BERLIN: Germany’s trade surplus narrowed in the first half of the year as strong domestic demand led to imports growing faster than exports, adding to signs that Europe’s largest economy is slowly reducing its dependence on foreign sales.
The International Monetary Fund and the European Commission have urged Germany for years to do more to lift domestic demand as a way to boost imports, stimulate growth elsewhere and reduce global economic imbalances.
As a slowing world economy, trade disputes and Brexit uncertainty take their toll on Germany’s traditionally export-reliant economy, record-high employment, inflation-busting wage hikes and low borrowing costs provide a buffer against external headwinds.
The Federal Statistics Office said on Friday that imports rose 3.0 per cent to 556.2 billion euros ($622.2 billion) in the first six months. Exports grew 0.5 per cent to 666.1 billion euros.
Year on year, the trade surplus narrowed to 109.9 billion euros from 122.4 billion. The current account surplus, which measures the flow of goods, services and investments, fell to 126.4 billion euros from 130.6 billion, the data showed.
Since 2011, Germany’s current account surplus has been consistently above the European Commission’s indicative threshold of 6 per cent of gross domestic product, reaching a record high of 8.9 per cent in 2015. It narrowed to 7.4 per cent in 2018 and is expected to shrink further.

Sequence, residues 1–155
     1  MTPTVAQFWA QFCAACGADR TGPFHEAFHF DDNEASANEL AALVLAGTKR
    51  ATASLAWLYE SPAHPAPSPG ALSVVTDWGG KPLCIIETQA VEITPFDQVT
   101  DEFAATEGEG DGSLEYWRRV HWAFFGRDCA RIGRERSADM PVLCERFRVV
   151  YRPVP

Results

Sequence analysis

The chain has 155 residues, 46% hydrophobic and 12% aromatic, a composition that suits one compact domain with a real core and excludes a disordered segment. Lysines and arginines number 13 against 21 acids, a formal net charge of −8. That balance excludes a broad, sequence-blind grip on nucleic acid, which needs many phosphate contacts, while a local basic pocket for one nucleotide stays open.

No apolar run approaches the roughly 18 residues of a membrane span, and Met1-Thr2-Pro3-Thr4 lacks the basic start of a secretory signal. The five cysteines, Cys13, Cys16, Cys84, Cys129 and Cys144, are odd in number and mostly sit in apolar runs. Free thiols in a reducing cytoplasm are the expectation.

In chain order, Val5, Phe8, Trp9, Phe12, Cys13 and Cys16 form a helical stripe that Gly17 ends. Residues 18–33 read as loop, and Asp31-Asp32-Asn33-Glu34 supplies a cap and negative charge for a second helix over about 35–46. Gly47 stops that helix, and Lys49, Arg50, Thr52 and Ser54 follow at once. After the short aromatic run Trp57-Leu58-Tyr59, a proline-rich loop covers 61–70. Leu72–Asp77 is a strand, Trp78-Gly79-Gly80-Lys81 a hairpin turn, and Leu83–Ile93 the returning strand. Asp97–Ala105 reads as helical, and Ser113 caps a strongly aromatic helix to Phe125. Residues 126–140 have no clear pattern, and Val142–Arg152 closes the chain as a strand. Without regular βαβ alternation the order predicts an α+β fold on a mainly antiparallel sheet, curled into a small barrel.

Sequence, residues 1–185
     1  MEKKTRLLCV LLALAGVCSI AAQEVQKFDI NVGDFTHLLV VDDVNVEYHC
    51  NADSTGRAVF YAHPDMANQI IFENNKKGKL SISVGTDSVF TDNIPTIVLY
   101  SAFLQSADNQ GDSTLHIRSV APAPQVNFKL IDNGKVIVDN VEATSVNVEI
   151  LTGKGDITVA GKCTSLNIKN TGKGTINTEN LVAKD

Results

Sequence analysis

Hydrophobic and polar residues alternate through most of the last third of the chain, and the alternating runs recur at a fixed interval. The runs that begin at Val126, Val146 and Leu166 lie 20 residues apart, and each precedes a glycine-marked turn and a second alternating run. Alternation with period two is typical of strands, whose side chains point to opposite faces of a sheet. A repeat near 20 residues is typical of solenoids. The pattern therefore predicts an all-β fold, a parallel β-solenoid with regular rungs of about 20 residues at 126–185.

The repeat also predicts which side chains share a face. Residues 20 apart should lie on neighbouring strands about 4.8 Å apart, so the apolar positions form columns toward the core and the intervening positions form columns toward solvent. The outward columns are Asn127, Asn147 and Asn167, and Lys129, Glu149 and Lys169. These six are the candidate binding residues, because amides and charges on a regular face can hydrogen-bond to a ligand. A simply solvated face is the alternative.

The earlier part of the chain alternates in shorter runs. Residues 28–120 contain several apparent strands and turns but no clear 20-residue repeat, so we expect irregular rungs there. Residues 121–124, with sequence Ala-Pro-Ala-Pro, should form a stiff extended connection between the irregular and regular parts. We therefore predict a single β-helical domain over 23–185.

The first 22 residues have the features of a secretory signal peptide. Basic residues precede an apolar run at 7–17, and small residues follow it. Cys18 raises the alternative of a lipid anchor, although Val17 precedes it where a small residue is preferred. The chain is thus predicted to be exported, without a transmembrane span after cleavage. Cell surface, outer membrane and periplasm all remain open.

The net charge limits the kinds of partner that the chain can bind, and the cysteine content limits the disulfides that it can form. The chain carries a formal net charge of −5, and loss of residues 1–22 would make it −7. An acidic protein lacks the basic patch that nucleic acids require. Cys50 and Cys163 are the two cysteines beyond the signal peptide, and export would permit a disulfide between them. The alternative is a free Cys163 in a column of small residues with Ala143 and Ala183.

In a sign that Germany is willing to do more and reduce its trade surplus further, a senior government official told Reuters that Berlin is considering ditching its long-cherished balanced budget policy to help finance a costly climate protection programme with new debt.
In June alone, seasonally adjusted exports were down 0.1 per cent on the month while imports rose 0.5 per cent. The trade surplus stood at 18.1 billion euros.
A Reuters poll of economists had forecast a 0.1 per cent drop in exports and a 0.3 increase in imports. The trade surplus was expected to come in at 18.6 billion euros.
Carsten Brzeski, from ING-Diba, said the weak export figures had made a small contraction in the economy more likely in the second quarter.
“All in all, today’s trade data marks the end of a disappointing second quarter,” he said.
The Federal Statistics Office will release preliminary gross domestic product figures for April-June next Wednesday.